- Deer Overbrowsing Destroys the Woodland Ecology
- Deer Damage to Forests Can Accelerate Climate Change
- Deer Overabundance Destroys Private Landscaping and Gardens
Deer Overbrowsing Destroys the Woodland Ecology
The scientific literature on deer overbrowsing clearly shows that overbrowsing deer can damage ecosystems, both directly and indirectly. Aldo Leopold, the father of wildlife ecology, was the pioneer, writing about deer overbrowsing in his Sand County Almanac in 1949.
Deer populations will continue to grow until they eat all the food available. There is no biological mechanism that limits herd growth other than predators. Even before the biological carrying capacity of an area is reached, however, deer can damage ecosystems by overbrowsing the forest and field.
Deer can have profound effects on preferred woody and herbaceous browse species. Deer browse of woody vegetation alters the subcanopy and the shrub layer which are made up of small understory trees, young recruits for future canopy openings, and shrubs. The overbrowsing of the herbaceous level affects one level and can virtually eradicate an entire plant during one browsing episode.
(Thomas E. Almendinger’s Overabundant White-tailed Deer and the Alteration of Forested Communities)
Deer overabundance and deer-harming overpopulation are not limited to urban areas. The effects of region-wide deer overabundance have been studied extensively. Browsing deer prevent regeneration of trees and often pave the way for invasive plants. From the US Forest Service, White-tailed Deer in Northeastern Forests Understanding and Assessing Impacts, “The scientific evidence is clear: white-tailed deer overabundance is a threat to millions of acres of forest land in the Northeastern United States. As keystone herbivores, whitetails can have disproportionately large impacts on biodiversity and forest dynamics. Impacts may be obvious or may cascade through the ecosystem in ways not fully understood.”
Deer browsing can devastate many species, such as these examples from Cool Green Science.
- High deer populations caused declines of >90% for many orchids in the mid‐Atlantic region in Maryland (Knapp & Wiegand, 2014). Deer browsing also threatens understory herbs like Trillium and American ginseng.
- Overbrowsing is causing widespread declines of North American songbird populations (Chollet 2012, deCalesta 1994).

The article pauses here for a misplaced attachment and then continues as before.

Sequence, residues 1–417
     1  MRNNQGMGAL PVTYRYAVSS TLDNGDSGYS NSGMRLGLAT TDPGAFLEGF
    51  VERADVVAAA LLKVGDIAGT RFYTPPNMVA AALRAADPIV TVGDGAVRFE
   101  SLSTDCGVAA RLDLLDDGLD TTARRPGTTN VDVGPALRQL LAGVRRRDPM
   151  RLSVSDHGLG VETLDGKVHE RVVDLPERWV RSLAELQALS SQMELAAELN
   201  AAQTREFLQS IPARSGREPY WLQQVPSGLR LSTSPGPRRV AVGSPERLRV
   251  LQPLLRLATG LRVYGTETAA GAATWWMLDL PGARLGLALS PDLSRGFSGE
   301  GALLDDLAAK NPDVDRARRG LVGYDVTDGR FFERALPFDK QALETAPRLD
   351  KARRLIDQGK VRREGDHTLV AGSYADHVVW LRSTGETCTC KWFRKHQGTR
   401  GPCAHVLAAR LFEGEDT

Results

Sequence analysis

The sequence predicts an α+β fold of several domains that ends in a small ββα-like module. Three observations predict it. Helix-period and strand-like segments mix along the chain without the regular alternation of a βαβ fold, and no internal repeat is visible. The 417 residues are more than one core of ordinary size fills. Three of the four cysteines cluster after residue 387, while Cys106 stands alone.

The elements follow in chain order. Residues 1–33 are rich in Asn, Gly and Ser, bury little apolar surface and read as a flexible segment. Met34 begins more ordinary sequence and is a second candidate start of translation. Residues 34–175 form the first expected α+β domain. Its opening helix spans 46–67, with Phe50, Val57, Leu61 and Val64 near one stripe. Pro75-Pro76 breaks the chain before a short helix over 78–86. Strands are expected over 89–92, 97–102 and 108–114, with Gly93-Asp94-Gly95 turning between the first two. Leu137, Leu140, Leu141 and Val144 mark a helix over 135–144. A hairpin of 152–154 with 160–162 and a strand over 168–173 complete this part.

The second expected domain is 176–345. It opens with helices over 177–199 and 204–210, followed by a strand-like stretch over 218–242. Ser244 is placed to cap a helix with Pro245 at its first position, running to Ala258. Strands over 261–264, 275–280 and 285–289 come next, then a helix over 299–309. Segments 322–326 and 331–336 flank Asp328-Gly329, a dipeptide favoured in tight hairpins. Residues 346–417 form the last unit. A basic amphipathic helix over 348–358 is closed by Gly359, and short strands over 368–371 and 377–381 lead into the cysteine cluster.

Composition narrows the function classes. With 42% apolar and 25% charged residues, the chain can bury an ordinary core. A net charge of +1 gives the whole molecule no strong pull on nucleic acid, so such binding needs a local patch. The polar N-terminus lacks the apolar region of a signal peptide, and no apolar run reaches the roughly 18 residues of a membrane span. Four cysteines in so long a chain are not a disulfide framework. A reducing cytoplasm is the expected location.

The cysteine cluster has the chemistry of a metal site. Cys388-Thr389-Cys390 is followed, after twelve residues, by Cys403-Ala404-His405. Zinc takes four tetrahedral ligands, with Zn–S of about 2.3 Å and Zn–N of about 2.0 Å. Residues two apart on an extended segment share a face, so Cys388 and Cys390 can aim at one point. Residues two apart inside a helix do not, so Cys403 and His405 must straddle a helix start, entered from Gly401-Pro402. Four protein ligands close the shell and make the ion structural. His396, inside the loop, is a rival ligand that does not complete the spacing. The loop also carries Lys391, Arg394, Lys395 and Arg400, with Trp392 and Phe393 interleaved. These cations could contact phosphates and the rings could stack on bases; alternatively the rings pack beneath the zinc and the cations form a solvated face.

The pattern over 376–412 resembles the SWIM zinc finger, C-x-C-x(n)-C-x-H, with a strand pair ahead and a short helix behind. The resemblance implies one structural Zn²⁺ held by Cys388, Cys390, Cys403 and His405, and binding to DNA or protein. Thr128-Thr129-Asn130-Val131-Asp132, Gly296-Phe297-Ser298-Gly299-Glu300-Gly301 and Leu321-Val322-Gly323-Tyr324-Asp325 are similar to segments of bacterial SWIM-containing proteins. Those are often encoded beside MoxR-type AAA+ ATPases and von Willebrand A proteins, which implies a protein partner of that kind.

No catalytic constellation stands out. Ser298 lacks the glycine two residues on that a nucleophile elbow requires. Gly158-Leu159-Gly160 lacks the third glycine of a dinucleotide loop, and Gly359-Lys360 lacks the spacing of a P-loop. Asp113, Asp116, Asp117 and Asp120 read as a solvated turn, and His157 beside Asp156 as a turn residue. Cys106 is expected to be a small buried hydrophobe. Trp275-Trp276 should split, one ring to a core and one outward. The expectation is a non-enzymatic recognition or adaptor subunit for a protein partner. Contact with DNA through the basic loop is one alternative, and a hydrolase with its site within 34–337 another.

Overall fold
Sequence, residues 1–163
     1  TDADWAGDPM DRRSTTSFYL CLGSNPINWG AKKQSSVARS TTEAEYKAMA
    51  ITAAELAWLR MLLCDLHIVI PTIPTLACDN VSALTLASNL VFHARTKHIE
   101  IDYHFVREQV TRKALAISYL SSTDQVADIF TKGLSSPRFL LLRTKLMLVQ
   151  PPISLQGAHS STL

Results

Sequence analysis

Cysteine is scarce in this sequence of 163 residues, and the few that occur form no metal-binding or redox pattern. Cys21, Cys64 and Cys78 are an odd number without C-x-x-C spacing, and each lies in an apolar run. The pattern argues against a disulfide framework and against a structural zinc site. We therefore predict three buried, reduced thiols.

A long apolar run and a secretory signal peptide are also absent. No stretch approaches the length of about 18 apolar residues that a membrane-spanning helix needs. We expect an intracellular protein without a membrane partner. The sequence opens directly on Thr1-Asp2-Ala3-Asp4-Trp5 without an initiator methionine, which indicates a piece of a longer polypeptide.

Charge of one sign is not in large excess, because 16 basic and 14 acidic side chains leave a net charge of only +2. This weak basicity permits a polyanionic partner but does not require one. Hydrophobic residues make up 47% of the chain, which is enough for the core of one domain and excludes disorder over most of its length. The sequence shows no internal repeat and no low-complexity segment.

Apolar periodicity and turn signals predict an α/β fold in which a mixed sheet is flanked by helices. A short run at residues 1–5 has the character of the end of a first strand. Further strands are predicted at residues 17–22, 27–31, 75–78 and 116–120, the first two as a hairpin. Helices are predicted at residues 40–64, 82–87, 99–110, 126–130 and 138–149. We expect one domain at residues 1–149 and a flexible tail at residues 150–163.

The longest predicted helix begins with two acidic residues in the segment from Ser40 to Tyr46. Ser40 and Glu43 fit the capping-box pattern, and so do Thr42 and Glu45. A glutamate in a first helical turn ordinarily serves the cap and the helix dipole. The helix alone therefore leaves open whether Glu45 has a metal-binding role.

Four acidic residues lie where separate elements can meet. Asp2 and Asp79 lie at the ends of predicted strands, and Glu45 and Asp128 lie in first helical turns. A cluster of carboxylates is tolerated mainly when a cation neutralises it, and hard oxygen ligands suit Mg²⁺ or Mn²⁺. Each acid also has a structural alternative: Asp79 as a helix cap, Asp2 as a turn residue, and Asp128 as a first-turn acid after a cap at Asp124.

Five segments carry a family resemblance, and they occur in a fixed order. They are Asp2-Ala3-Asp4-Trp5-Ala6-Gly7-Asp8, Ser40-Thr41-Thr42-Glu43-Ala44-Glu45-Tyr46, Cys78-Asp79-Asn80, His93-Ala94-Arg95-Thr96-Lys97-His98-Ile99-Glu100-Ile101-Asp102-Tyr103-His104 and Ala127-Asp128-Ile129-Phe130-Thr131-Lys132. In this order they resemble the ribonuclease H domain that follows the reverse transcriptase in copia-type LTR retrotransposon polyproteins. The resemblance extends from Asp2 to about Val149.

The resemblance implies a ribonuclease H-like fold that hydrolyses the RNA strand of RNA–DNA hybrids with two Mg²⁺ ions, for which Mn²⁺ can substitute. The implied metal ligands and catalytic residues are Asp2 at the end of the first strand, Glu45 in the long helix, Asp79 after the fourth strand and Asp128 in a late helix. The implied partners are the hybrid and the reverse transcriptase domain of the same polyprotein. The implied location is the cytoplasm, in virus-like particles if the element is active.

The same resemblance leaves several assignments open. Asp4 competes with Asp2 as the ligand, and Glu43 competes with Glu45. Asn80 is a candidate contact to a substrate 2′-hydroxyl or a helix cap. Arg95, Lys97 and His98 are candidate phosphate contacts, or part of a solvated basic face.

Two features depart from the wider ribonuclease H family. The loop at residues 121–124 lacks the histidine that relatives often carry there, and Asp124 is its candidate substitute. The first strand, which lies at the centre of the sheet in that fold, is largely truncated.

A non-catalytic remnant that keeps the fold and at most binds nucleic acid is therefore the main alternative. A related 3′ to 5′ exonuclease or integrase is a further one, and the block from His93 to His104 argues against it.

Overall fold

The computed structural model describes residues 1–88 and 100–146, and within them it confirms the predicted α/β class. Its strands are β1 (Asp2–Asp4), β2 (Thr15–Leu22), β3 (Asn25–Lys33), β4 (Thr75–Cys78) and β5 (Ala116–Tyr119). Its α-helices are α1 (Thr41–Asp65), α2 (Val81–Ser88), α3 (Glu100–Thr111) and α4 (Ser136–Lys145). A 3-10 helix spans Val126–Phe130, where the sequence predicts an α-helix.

- In Pennsylvania, aboveground insect abundance, richness, and diversity were up to 50% higher where deer were excluded for 60 years (Chips et al., 2015).
They further state: In our opinion, no other threat to forested habitats is greater [than deer] at this point in time — not lack of fire, not habitat conversion, not climate change. Only invasive exotic insects and disease have been comparable in magnitude. We can argue about which threat is more significant than another, but no one who walks the eastern forests today can deny the impact of deer to forest condition.
The results of an exclosure study in Rose Valley, PA demonstrate the outsized impact deer can have on plant diversity. The pie chart shows the diminished number of species with deer present and the picture below shows the impacts on the vegetation.
From the New York State Community Deer Management Guide, two forested parks in New York City. The photo on the left shows severe deer damage; the photo on the right shows a healthy understory.
Trillium Damage in the U-M Nichols Arboretum
(click to change the picture)
Deer Damage to Forests Can Accelerate Climate Change
Trees and forests are excellent carbon sinks because trees capture and sequester CO2. The destruction of the woods and forests by an overabundance of deer accelerates climate change and works against any net zero carbon emissions goal.
The oak tree is the primary tree cover in Ann Arbor’s natural areas. It’s a hardwood that sequesters lots of carbon. An acre of mature oaks can sequester 5-10 MtC02e per year. And there’s over a thousand acres of treed natural areas in Ann Arbor. But deer browse is preventing the regeneration and replacement of our oak trees, which can significantly reduce the amount of carbon being sequestered.
Deer Overabundance Destroys Private Landscaping and Gardens
In residential neighborhoods, as deer numbers and densities increase, many residents become dismayed at the levels of destruction of valued vegetable and flower gardens and landscapes. Deer need to eat five to ten pounds of vegetation every day. Bucks can kill young trees when they rub the bark with their antlers.
City ordinances prohibit hunting and prohibit fences sufficiently tall to keep deer out. Even if the expensive fencing and netting protects your gardens and landscaping, fencing merely moves the deer to another yard. Repellent chemicals, dogs, and other deer chasers have the same effect.
Native plants are preferred by deer. “Deer resistant plantings” are therefore often undesirable non-native species that do not support the native pollinators and the native ecosystem.